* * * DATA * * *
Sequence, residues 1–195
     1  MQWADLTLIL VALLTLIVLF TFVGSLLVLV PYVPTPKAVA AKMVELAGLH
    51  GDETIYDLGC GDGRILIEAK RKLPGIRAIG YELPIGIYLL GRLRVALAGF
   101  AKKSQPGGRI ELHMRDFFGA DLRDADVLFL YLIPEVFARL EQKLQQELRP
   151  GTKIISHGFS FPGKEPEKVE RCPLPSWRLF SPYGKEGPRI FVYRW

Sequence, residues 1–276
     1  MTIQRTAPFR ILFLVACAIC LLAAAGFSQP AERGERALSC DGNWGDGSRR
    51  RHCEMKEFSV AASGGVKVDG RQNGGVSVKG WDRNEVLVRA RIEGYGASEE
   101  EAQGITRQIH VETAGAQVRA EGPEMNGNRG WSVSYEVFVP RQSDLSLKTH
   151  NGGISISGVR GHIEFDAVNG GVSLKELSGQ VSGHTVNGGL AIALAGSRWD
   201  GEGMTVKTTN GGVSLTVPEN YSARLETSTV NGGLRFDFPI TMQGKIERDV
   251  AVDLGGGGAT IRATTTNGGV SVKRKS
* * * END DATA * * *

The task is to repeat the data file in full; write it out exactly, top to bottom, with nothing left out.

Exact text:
Sequence, residues 1–195
     1  MQWADLTLIL VALLTLIVLF TFVGSLLVLV PYVPTPKAVA AKMVELAGLH
    51  GDETIYDLGC GDGRILIEAK RKLPGIRAIG YELPIGIYLL GRLRVALAGF
   101  AKKSQPGGRI ELHMRDFFGA DLRDADVLFL YLIPEVFARL EQKLQQELRP
   151  GTKIISHGFS FPGKEPEKVE RCPLPSWRLF SPYGKEGPRI FVYRW

Sequence, residues 1–276
     1  MTIQRTAPFR ILFLVACAIC LLAAAGFSQP AERGERALSC DGNWGDGSRR
    51  RHCEMKEFSV AASGGVKVDG RQNGGVSVKG WDRNEVLVRA RIEGYGASEE
   101  EAQGITRQIH VETAGAQVRA EGPEMNGNRG WSVSYEVFVP RQSDLSLKTH
   151  NGGISISGVR GHIEFDAVNG GVSLKELSGQ VSGHTVNGGL AIALAGSRWD
   201  GEGMTVKTTN GGVSLTVPEN YSARLETSTV NGGLRFDFPI TMQGKIERDV
   251  AVDLGGGGAT IRATTTNGGV SVKRKS